Forums / Property Investing / General Property / How can we Convert a (-) geared property to (+)

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  • Profile photo of w1wardw1ward
    Member
    @w1ward
    Join Date: 2007
    Post Count: 1

    Good evening,

    We purchased a brand new investment property 2 years ago in Hornsby, NSW. All the promises said a rental income of $440pw!!!
    Our actual income today is only $320pw. (that is where the market is at). We have an interest only loan, and the rent we collect per month is just under half of the interest being charged. So yes, we are paying the difference!!!

    Does anyone have some good advice on how can we can lower the amount we are contributing? How could we turn this into a Positive Cashflow?

    Look forward to your kind responses.

    Wayne.

    Profile photo of foundationfoundation
    Member
    @foundation
    Join Date: 2005
    Post Count: 1,153

    You could sell the house, take the $16,000+ per year it is currently costing you in interest payments, rates, insurance, property management fees, maintanance etc, stick it in an online savings account and after three years you would have ‘earnt’ (saved + interest) over $50,000. This would continue to grow, providing positive cashflow each and every year with next to no risk.

    Sure, there are plenty of more adventurous ways to invest, I’m just pointing out that even the option with the lowest risk is giving a far higher return than property, and there is a very real risk that a property anywhere on the eastern seaboard will incur further capital losses over the next few years while giving a very low (negative) return.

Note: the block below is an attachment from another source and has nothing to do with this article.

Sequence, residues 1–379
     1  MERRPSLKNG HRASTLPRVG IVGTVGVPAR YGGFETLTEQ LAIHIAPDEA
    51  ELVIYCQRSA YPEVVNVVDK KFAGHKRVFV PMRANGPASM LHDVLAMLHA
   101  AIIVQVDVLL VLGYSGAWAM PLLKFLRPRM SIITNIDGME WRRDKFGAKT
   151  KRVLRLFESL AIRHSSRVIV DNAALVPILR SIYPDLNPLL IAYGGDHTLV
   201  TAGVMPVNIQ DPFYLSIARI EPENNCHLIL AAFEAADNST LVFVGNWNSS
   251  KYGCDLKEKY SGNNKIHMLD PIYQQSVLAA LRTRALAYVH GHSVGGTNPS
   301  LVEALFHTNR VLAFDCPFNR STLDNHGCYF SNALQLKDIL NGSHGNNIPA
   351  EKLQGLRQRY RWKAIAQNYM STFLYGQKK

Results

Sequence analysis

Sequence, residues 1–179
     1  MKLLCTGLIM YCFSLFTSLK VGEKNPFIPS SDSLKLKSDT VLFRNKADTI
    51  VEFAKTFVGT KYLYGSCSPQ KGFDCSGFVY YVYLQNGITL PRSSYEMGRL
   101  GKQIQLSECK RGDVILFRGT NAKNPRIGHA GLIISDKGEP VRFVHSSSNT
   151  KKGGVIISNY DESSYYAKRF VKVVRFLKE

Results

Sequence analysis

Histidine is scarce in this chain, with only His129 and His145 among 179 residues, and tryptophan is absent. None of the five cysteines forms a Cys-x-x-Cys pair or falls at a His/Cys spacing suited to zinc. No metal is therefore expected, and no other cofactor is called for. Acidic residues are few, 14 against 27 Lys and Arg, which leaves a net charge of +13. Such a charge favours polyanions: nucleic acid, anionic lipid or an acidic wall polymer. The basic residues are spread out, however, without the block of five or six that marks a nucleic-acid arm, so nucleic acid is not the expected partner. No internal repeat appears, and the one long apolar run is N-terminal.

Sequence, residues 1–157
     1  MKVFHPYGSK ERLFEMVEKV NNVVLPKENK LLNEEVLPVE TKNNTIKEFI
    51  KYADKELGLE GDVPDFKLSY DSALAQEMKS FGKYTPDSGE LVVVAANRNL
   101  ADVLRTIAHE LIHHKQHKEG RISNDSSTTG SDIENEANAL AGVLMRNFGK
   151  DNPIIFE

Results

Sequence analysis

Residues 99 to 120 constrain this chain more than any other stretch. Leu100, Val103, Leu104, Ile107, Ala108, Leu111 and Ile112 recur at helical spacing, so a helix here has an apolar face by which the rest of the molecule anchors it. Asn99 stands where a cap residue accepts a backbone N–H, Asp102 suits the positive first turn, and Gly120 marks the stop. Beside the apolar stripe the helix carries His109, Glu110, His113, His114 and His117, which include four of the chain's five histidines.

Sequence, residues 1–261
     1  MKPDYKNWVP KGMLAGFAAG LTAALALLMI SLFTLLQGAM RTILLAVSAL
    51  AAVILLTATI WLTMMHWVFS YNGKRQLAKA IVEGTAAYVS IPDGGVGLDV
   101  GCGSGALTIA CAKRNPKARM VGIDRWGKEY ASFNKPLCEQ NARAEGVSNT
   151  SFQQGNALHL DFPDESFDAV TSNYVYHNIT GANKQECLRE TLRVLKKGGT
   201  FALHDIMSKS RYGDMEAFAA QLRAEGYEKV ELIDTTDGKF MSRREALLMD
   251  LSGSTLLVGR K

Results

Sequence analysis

There are limited options for improving rental returns on a new property. After all you can’t simply reno the kitchen and bathroom. I guess you could look to extend it, redesign it into 2 residences, perhaps if it has land there is room you could add a second dwelling?

    F.[cowboy2]

    Profile photo of L.A AussieL.A Aussie
    Member
    @l.a-aussie
    Join Date: 2006
    Post Count: 1,488

    Not much you can do I’m afraid, but three things that you can do to lessen the burden if you haven’t already done so;
    1. have a depreciation schedule prepared by a quantity surveyor and give this to your accountant. Costs $400-500 to have done. This will add a lot of ‘on-paper’ deductions to your taxable income, and may nett you back thousands more per year on your tax refund.
    2. Apply to the ATO (your accountant can arrange this) for your tax return to be ‘paid back’ to you each week/pay day. This will also help the cashflow.
    3. look for ways to find extra money in your budget to use towards debt reduction to lessen the interest you need to pay.

    Cheers,
    Marc.
    [email protected]

    “we get sent lemons; it’s up to us to make lemonade”

    Profile photo of sploshsplosh
    Member
    @splosh
    Join Date: 2004
    Post Count: 15

    You could simply pay out half the loan and that would halve your interest bill making it cash flow neutral.

    Profile photo of foundationfoundation
    Member
    @foundation
    Join Date: 2005
    Post Count: 1,153
    Originally posted by splosh:

    You could simply…

    [stun]

    Simply? Wayne’s a lucky bloke if he has a lazy $225,000 sitting around that he can plonk into his loan!